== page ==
So now we've won the battle and achieved our goal. What do we do now? The first thing that typically happens is that the squad leader gathers information from the squad regarding ammunition and injuries. This information is transformed into a summary to the platoon commander indicating what resources are needed (if any) in order to proceed.

    Comparing with software development

    I'd like to compare a military assault with an iteration. Giving the team the overall goal as well as the iteration goal will help the developers make the right decisions during the iteration.

    If we compare the military order with the user stories in the iteration I think we can still learn something from the military. We should only have user stories the team can understand immediately (i.e. "see") and we should keep the number of options (prepared orders) to a minimum. Also make sure that important information such as where the product owner will be during the iteration is available to the team from the beginning of the iteration.

     In the day to day work ("combat") it is important that everybody knows what's happening. Especially when something important happens I think the team would benefit from adopting the military way of shouting out critical events and having everybody repeating them.


    Military Software development
    Reloading! Installing new version on test server!
    Enemy to the left! Broken build!

    There is no way anybody in the team would miss something if everybody shouted stuff like that out.

    When the iteration is over we should naturally have a retrospect but there is one thing we can learn from the military. That is how we present the result of the retrospect. If the suggested improvements from the team are presented in terms of  "what we need to complete the next iteration" I think it is more likely to be taken seriously than if it's just "we want to do this since it will be better". Also it focuses on what's needed to improve the process now. Stuff that will improve the process later can also be handled later.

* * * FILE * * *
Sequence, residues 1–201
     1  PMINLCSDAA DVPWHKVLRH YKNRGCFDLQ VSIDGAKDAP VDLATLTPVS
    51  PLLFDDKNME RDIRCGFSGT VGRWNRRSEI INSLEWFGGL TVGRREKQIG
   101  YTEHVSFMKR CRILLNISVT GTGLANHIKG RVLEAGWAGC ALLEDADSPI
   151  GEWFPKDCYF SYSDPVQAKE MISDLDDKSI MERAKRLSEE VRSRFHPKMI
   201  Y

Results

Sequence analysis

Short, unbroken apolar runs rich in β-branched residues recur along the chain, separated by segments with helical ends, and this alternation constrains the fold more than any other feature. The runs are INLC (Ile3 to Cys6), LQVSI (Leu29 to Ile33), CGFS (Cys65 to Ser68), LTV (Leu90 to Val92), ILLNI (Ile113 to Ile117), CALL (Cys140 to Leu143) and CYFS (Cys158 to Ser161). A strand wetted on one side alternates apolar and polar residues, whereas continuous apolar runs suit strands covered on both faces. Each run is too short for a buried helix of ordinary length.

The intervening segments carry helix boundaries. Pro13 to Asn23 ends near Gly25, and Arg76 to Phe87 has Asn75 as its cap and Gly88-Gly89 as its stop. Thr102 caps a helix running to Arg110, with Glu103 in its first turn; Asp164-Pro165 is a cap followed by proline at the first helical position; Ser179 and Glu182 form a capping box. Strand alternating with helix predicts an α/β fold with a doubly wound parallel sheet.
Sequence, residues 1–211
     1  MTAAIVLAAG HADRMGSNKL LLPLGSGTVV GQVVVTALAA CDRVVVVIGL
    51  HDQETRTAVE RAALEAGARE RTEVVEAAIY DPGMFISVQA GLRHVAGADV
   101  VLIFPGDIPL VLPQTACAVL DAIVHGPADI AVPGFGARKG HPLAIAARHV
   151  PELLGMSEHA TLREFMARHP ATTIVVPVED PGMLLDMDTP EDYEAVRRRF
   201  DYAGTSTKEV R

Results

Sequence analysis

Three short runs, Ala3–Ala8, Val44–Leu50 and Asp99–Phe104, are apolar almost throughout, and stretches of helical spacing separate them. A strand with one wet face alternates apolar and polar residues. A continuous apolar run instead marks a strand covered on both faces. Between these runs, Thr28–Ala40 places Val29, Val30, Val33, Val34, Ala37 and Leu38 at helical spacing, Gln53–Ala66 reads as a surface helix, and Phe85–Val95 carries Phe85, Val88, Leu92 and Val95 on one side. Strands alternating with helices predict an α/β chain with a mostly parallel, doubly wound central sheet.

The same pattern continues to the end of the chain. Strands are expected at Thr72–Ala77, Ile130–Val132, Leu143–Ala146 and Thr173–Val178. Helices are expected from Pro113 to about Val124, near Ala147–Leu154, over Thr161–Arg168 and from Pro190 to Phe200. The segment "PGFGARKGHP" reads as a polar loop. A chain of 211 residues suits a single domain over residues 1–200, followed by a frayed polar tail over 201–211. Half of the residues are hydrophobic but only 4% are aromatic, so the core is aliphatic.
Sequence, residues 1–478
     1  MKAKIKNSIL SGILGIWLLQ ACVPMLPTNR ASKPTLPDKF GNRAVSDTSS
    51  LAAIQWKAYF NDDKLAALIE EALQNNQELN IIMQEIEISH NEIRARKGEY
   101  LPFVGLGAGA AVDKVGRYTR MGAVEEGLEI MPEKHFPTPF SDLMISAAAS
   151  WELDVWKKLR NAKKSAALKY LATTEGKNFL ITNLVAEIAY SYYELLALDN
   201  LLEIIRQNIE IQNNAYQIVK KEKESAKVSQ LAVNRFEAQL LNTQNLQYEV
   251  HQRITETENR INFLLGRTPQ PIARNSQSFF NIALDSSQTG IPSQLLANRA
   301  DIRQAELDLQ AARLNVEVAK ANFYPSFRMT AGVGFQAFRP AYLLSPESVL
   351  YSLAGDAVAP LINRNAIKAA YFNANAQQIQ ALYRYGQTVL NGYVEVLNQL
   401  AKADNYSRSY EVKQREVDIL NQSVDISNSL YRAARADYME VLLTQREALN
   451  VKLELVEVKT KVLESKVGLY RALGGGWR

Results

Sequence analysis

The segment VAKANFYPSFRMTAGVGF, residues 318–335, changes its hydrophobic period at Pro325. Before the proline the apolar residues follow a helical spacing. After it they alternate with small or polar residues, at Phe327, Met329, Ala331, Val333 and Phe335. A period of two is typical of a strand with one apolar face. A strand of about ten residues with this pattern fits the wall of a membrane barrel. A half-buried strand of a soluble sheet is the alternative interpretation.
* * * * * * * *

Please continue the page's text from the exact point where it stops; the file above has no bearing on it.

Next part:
• Being Cellfish

    Should you track completed effort for your tasks?


    Many (agile) projects uses a burn down chart to track remaining time. It is a commonly used visualization "tool" for progress. But there are also teams that keep track of completed time for each task. Typically they do this in order to see how the completed time corresponds to the initial estimate. using this information the team hopes to improve their ability to estimate things correctly.

    So even though the purpose is often the same, the reason is often one of two things. If the team is lucky it was the team that decided to track completed effort because the team believed this was the best way to improve the team's estimation skills. On the other hand I think a much more common scenario is that management want the team to track completed effort because they want to know how good the team is at estimating and management thinks that tracking completed effort will help the team improve estimation skills.